following are true stories sent in by today's caregivers:
father is in a stage of macular degeneration of the retina, which
is causing him to go blind. He stopped driving at night
a year ago. Then, he stopped driving during the day upon my Mom’s
and brother’s request about six months ago. They gently told
him that his attentiveness behind the wheel wasn't what it used to
be and with his eye condition worsening they thought he should play
it safe and not drive at all anymore. He did stop driving completely
and even sold his truck. He didn't give up his keys to their second
car though, and my Mom was too afraid to ask him to give them up. He
can be stubborn. Luckily he never attempted to drive again, even in
their second car. Today he suddenly and angrily told my Mom that the
family has a conspiracy against him about his driving, and he is going
to drive again and no one can stop him. He also stated he will take
a driving test to prove that he can drive just fine. At this point,
does my Mom take the car keys off of his key chain when he's asleep
at night, or approach him and tell him she wants his set of car keys,
because he's just not going to drive? Both of these options would really
make his blood boil, but my Mom just doesn't know what to do? Please
advise if you can.
Thank goodness for websites like this, my siblings and I need this
kind of support right now with my aging parents.
I am a 40-year-old
from India with an 81-year-old father and a 79-year-old mother. My
mum has Alzheimer’s and has been in this stage for
almost three years now. Initially they refused to let me help them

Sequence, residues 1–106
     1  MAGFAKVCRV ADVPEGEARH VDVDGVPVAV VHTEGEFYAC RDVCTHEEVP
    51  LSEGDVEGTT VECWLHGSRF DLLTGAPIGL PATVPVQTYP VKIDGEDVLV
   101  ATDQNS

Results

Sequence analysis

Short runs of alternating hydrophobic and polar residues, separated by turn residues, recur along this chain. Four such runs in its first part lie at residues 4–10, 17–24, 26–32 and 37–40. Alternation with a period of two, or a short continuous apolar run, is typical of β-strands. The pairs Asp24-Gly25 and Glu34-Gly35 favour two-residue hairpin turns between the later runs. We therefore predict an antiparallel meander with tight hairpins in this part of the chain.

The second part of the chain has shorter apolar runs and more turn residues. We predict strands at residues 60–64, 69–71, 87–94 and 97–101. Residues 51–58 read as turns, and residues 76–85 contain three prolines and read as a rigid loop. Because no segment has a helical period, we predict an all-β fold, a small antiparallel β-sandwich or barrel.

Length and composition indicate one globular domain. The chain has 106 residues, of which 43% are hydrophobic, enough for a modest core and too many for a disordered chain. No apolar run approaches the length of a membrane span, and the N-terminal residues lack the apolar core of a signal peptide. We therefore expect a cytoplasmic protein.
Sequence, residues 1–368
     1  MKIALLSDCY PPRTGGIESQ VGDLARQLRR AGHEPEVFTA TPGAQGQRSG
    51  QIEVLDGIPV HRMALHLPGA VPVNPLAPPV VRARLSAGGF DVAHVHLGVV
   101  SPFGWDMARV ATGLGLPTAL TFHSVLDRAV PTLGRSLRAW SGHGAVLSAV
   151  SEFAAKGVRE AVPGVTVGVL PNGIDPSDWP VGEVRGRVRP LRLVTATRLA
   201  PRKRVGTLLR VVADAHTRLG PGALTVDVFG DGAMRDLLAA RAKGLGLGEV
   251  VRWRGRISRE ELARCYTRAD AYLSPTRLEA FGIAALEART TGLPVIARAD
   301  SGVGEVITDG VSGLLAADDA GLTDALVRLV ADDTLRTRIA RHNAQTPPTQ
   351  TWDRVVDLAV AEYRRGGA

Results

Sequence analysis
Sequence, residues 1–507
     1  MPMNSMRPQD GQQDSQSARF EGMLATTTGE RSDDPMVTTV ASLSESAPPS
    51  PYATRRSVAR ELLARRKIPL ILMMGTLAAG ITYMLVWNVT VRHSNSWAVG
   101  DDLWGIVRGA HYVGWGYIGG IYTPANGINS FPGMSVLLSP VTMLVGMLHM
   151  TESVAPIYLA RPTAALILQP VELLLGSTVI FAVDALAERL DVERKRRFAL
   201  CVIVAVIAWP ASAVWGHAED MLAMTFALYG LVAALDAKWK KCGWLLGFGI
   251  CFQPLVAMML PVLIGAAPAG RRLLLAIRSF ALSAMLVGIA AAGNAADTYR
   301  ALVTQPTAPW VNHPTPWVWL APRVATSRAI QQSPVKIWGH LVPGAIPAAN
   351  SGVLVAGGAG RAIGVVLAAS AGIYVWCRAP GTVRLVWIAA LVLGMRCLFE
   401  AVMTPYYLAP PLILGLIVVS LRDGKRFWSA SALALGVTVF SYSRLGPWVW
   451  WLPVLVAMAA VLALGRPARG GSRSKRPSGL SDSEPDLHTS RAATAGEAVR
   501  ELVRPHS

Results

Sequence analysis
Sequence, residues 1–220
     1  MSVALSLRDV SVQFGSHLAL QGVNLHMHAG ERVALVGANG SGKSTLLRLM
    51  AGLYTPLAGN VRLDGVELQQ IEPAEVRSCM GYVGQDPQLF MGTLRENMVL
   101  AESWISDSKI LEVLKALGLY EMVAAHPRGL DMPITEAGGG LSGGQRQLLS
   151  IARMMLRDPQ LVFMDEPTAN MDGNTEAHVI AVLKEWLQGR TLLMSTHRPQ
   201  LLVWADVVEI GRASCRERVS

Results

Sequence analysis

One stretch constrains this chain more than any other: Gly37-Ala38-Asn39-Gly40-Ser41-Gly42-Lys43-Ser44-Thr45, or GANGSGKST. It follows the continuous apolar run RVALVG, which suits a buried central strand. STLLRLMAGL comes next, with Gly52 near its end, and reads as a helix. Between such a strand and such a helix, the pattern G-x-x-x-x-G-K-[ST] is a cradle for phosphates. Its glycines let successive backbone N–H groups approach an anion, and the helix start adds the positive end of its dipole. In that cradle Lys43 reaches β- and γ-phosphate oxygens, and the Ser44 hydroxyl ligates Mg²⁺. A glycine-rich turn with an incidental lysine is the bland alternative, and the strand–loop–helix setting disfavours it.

or keep someone to look after them. The progress into the disease hasn't
been rapid. But last week my dad, who had a severe chest congestion
and a neglected case of high diabetes, high cholesterol and high blood
pressure had a fall and was too weak to pick himself off the ground.
My mum didn’t realize the gravity of the situation and didn’t
bother to call me. I live about a 5-minute walk away. My brothers have
moved to Canada and Australia and don’t offer any help at all.
The Canadian has severed all ties with us. At least the Australian
sends some financial help as and when he can.
I look after my
parents physically, mentally and emotionally. I called that evening
just to chat with them and then she mentioned, "Oh
Dad has fallen on the ground I called him for lunch but he didn’t
respond so I didn’t bother!" I rushed over to find him conscious
and slumped on the ground. Mind you this must have been a good seven
hours after the fall. I have no idea if he had passed out and if yes
for how long. This alarmed me. I rushed him to hospital and he has
been there for a week now. I couldn’t keep my mum alone at home
so left her at my aunt’s home; she was totally disoriented and
couldn’t recognize my uncle, thought he was my dad and in the
hospital thought someone else was my dad. She has been really restless
at nights and kept going to the bathroom all night and talking to herself.
However, now that they are back home, she seems more relaxed, but tends
to talk about her past and her childhood all the time. My concern is
how do I handle two sick and aged people together. It’s tough,
cooking, cleaning and taking care of them and yet trying to hold onto
a job for the financial support, which is desperately needed. I get
very tired and depressed. My day starts at 7 and doesn’t end
till past midnight. Running between two homes and work is not easy
I would love to hear from you if you have some advice and help on
how to manage this situation. I am one tired person.
am about to turn 18 years old in December, a time in a person's life
when they "become an adult." But I feel like
I have been an adult for a long time. I take care of my father who
has Alzheimer's and have been taking care of him for the past six years.
I live with my mother and my brother. We all share the responsibilities,
but I feel that I am usually the only person in the family with enough
patience to talk to my father when he is in a mood about something.
My father is now in the last stages of Alzheimer's and now in the mornings,
I usually wake up to a puddle of urine scattered variously throughout
I love my father, but sometimes it's so hard to handle him. For example,
on the fourth of July last year, he threw a chair through the living
room window because he said there were bad people outside. I am not